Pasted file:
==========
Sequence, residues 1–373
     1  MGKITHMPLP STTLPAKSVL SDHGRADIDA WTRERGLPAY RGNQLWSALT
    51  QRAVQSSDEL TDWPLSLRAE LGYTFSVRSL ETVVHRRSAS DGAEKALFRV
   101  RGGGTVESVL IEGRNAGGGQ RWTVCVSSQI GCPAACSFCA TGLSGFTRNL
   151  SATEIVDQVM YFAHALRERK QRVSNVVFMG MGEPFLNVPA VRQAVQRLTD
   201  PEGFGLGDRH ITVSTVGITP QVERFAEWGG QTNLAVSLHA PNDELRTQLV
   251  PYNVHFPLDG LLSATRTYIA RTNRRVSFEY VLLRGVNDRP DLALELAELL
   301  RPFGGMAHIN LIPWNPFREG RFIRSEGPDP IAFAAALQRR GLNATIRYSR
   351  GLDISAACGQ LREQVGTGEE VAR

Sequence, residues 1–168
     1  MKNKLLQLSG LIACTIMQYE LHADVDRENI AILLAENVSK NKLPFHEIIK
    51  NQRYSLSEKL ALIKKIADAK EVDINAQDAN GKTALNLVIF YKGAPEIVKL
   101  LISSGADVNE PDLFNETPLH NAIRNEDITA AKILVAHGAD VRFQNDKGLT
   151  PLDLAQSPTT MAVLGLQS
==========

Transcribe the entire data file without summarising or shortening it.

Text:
Sequence, residues 1–373
     1  MGKITHMPLP STTLPAKSVL SDHGRADIDA WTRERGLPAY RGNQLWSALT
    51  QRAVQSSDEL TDWPLSLRAE LGYTFSVRSL ETVVHRRSAS DGAEKALFRV
   101  RGGGTVESVL IEGRNAGGGQ RWTVCVSSQI GCPAACSFCA TGLSGFTRNL
   151  SATEIVDQVM YFAHALRERK QRVSNVVFMG MGEPFLNVPA VRQAVQRLTD
   201  PEGFGLGDRH ITVSTVGITP QVERFAEWGG QTNLAVSLHA PNDELRTQLV
   251  PYNVHFPLDG LLSATRTYIA RTNRRVSFEY VLLRGVNDRP DLALELAELL
   301  RPFGGMAHIN LIPWNPFREG RFIRSEGPDP IAFAAALQRR GLNATIRYSR
   351  GLDISAACGQ LREQVGTGEE VAR

Sequence, residues 1–168
     1  MKNKLLQLSG LIACTIMQYE LHADVDRENI AILLAENVSK NKLPFHEIIK
    51  NQRYSLSEKL ALIKKIADAK EVDINAQDAN GKTALNLVIF YKGAPEIVKL
   101  LISSGADVNE PDLFNETPLH NAIRNEDITA AKILVAHGAD VRFQNDKGLT
   151  PLDLAQSPTT MAVLGLQS